What is your favorite player prop?
Liz Loza explains why fantasy managers should expect Saquon Barkley to continue his stellar fantasy play.
Schatz: Give me over 44.5 receiving yards (+100) for Rashod Bateman of the Ravens. Xavien Howard is a great cornerback, but the Dolphins still allowed an opponent-adjusted 62 yards per game to opposing WR1s last season. I’m not discouraged that Bateman got 55 of his 59 yards in Week 1 on a single catch; he’s more of a possession receiver than a deep threat and was steady with at least four catches in seven of his 12 games last season. That included a six-catch, 80-yard day against Miami, although that game came with Byron Jones covering Bateman instead of Howard. Miami will blitz Lamar Jackson a ton, and he’ll be looking for either Bateman or Mark Andrews when that happens.
Fulghum: Saquon Barkley over 27.5 receiving yards (-133). The Giants’ pass-catching corps is an absolute mess. Kenny Golladay appears dusted. Wan’Dale Robinson is hurt. Kadarius Toney is only trusted to play seven snaps a game. Daniel Jones doesn’t have much to work with on offense besides his running back. Barkley was a beast in Week 1 against the Titans, playing 83% of the offensive snaps and earning a team-high seven targets in the passing game, which he parlayed into six catches for 30 yards. I expect Barkley to have similar pass-game opportunities and production in this matchup with the Panthers.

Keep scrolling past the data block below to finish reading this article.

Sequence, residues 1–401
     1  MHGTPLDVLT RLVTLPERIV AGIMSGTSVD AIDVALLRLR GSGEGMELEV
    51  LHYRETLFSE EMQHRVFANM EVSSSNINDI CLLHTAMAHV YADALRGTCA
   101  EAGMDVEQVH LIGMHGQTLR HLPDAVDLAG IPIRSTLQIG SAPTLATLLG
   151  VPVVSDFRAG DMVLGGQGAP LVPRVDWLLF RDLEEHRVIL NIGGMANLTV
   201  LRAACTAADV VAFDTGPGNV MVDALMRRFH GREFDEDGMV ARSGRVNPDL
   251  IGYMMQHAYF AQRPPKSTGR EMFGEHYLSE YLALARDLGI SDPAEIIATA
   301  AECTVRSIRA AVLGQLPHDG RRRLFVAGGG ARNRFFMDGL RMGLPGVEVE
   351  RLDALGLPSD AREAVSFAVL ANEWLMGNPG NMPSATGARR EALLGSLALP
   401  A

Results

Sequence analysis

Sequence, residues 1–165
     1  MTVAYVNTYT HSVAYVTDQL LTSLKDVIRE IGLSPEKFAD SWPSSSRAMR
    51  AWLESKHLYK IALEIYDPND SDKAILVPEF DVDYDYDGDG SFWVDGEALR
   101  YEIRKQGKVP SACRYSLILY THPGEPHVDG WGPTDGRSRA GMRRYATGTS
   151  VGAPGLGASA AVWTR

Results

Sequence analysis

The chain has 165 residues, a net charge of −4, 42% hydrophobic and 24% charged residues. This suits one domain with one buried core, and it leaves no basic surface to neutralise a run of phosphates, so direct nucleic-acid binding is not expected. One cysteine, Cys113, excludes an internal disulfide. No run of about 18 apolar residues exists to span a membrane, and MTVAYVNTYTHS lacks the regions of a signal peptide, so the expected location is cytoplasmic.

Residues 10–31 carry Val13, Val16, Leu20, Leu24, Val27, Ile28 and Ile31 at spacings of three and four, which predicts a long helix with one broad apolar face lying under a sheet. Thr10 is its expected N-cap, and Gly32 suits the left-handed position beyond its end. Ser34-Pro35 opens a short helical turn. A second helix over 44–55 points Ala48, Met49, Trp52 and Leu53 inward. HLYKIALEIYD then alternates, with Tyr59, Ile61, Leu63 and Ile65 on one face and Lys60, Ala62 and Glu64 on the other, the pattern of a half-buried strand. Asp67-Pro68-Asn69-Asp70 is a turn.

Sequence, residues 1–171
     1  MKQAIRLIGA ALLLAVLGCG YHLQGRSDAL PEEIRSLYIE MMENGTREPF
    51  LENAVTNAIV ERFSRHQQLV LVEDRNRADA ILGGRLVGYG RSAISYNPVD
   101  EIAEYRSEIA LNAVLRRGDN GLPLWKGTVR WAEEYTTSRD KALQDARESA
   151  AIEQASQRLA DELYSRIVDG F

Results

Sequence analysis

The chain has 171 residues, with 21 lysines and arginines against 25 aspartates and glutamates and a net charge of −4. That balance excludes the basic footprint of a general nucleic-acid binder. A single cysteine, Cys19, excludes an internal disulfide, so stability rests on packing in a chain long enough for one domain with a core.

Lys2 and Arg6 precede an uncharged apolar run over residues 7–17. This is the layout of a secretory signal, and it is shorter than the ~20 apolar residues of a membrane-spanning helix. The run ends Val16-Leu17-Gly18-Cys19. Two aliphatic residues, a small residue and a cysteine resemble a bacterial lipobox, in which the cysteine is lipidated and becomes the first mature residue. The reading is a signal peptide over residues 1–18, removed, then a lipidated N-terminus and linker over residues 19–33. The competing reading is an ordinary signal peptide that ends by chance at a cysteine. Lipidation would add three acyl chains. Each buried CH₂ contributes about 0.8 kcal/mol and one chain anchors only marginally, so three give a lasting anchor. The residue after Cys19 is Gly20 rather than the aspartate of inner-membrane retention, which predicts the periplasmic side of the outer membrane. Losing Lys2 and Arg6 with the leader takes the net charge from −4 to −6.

Walder: Allen Robinson under 4.5 receptions (-129). Oof. Robinson did not look good in that opener. He ran a ton of hitches in Chicago, and I was curious if Sean McVay would employ him differently. Nope. Robinson ran 25% hitches in the season opener. Plus, now he has to face Casey Hayward, who is great at deterring targets, and A.J. Terrell, who is just great. My receiving model — which doesn’t know about the hitches or the specific corners he’s facing — projects just 3.7 receptions for Robinson.
Moody: Aaron Rodgers over 246.5 passing yards (-117). Rodgers and the Packers had a terrible start to the season against the Vikings in Week 1. It was encapsulated by Christian Watson burning cornerback Patrick Peterson on a deep route but then dropping what would have been a long touchdown catch. The back-to-back MVP will look to bounce back at home against the division rival Bears. Rodgers has averaged 260.3 passing yards per game against Chicago at home since 2018.